How supernova looks like before its death
A powerful, new three-dimensional model has provided fresh insight into the turbulent death throes of supernovas.
Washington: A powerful, new three-dimensional model has provided fresh insight into the turbulent death throes of supernovas, whose final explosions outshine entire galaxies and populate the universe with elements that make life on Earth possible.
The model is the first to represent the start of a supernova collapse in three dimensions, said its developer, W. David Arnett, Regents Professor of Astrophysics at the University of Arizona, who developed the model with Casey Meakin and Nathan Smith at Arizona and Maxime Viallet of the Max-Planck Institut fur Astrophysik.
The study shows how the turbulent mixing of elements inside stars causes them to expand, contract, and spit out matter before they finally detonate.
Scientists reached these conclusions by analyzing light and radioactivity from supernovas, then creating models of physical processes that yield similar results.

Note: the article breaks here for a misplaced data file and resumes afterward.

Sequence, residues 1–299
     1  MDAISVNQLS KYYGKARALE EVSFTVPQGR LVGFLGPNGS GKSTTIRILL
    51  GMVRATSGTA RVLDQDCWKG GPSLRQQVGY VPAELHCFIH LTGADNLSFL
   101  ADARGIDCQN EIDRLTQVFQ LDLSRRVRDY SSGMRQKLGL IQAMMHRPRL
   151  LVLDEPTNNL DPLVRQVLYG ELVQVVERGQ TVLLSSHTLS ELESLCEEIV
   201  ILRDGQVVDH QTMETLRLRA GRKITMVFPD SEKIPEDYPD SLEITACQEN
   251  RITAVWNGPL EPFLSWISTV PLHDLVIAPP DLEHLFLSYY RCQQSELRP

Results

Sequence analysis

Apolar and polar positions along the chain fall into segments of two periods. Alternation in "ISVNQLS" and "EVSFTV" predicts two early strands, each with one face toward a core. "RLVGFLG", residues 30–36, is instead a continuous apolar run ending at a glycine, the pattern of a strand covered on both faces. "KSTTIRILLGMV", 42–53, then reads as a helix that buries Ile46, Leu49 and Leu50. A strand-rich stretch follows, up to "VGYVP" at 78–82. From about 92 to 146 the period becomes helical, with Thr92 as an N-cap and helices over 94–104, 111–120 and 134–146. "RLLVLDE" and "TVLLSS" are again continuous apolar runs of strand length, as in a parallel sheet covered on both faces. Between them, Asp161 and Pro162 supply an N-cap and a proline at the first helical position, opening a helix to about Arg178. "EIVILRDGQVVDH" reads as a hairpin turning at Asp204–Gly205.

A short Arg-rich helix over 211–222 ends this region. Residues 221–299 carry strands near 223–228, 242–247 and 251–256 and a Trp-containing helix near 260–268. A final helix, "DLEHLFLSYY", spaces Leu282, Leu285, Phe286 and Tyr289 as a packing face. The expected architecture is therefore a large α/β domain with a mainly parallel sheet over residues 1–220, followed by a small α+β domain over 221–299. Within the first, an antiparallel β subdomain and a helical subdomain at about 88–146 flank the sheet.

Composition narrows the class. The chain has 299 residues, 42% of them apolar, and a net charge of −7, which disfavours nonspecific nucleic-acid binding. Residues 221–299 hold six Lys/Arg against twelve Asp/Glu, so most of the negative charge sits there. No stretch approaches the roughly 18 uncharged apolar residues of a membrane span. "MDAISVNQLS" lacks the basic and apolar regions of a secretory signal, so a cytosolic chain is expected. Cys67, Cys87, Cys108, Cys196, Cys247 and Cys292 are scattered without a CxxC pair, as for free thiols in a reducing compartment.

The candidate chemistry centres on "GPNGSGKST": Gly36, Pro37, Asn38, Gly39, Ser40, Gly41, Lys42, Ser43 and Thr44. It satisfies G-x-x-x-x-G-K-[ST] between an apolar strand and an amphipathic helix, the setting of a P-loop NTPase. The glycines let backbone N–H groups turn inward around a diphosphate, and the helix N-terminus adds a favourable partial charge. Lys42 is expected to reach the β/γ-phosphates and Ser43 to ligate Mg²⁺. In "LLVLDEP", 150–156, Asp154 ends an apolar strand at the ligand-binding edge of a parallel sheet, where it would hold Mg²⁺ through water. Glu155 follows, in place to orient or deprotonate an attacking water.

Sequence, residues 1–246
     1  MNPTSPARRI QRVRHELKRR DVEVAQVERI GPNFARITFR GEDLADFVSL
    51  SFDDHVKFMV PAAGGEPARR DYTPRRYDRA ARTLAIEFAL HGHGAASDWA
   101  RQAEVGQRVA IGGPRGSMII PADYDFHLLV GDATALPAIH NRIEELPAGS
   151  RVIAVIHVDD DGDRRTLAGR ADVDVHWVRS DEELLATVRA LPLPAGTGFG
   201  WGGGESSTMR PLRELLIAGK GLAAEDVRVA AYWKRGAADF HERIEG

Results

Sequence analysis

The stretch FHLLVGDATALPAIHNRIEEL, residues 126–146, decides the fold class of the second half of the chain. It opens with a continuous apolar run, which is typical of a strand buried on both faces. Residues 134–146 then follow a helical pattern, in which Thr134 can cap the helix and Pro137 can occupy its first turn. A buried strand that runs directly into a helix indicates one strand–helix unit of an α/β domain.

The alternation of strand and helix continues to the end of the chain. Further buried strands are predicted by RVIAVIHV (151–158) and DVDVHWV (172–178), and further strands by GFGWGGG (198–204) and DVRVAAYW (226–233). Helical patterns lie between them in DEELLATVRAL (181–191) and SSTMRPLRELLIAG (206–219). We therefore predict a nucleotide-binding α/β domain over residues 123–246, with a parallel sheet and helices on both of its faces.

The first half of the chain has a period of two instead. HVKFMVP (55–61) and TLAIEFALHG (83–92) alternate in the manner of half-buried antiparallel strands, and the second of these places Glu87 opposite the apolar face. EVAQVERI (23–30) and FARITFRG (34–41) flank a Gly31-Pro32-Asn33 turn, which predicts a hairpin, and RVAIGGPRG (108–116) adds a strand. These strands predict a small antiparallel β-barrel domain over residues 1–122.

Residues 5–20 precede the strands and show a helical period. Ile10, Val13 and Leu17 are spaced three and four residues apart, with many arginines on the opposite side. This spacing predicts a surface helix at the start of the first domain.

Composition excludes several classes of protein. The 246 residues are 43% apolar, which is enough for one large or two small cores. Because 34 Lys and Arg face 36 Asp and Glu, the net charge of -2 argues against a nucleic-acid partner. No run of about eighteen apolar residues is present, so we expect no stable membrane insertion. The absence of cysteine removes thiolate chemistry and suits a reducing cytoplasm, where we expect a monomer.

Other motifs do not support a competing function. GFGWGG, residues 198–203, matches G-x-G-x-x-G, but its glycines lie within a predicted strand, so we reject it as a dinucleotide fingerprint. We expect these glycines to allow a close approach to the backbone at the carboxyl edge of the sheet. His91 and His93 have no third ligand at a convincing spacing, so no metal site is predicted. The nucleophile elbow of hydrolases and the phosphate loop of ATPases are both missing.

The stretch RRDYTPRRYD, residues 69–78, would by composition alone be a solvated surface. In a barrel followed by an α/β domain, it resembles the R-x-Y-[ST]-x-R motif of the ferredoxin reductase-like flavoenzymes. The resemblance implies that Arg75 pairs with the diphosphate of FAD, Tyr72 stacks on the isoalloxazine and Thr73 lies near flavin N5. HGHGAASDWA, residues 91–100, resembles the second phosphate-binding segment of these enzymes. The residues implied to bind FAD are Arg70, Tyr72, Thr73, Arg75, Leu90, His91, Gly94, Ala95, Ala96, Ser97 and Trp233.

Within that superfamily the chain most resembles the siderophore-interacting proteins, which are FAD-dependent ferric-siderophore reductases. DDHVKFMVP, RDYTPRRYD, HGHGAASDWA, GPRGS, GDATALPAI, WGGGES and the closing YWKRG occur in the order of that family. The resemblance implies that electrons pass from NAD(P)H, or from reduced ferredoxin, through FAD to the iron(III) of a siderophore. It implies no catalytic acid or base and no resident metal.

Arnett`s 3-D models show a wild, turbulent interior that spits out star remnants prior to the final explosion, much the way rapidly heating a pot causes water to boil over the edge.
Arnett said that they still have the concentric circles, with the heaviest elements in the middle and the lightest elements on top, but it is if someone put a paddle in there and mixed it around. As we approach the explosion, we get flows that mix the materials together, causing the star to flop around and spit out material until we get an explosion.
Arnett`s model is based on better data and faster, more powerful computers.
The study has been published in the journal AIP Advances.